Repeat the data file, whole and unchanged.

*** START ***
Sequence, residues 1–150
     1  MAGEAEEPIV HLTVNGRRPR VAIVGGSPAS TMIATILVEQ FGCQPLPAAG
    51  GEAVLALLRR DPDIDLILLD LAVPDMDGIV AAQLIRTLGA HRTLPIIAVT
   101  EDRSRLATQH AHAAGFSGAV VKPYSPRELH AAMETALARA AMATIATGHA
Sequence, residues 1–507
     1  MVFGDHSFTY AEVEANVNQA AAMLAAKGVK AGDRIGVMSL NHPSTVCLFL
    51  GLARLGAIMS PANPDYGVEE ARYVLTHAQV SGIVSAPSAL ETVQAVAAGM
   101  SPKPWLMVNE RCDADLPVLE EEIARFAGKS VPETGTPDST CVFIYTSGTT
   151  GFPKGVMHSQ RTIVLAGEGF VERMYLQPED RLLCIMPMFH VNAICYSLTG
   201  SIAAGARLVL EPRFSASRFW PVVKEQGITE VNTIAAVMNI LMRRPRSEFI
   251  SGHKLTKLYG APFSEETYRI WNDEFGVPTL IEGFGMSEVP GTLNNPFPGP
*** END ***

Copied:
Sequence, residues 1–150
     1  MAGEAEEPIV HLTVNGRRPR VAIVGGSPAS TMIATILVEQ FGCQPLPAAG
    51  GEAVLALLRR DPDIDLILLD LAVPDMDGIV AAQLIRTLGA HRTLPIIAVT
   101  EDRSRLATQH AHAAGFSGAV VKPYSPRELH AAMETALARA AMATIATGHA
Sequence, residues 1–507
     1  MVFGDHSFTY AEVEANVNQA AAMLAAKGVK AGDRIGVMSL NHPSTVCLFL
    51  GLARLGAIMS PANPDYGVEE ARYVLTHAQV SGIVSAPSAL ETVQAVAAGM
   101  SPKPWLMVNE RCDADLPVLE EEIARFAGKS VPETGTPDST CVFIYTSGTT
   151  GFPKGVMHSQ RTIVLAGEGF VERMYLQPED RLLCIMPMFH VNAICYSLTG
   201  SIAAGARLVL EPRFSASRFW PVVKEQGITE VNTIAAVMNI LMRRPRSEFI
   251  SGHKLTKLYG APFSEETYRI WNDEFGVPTL IEGFGMSEVP GTLNNPFPGP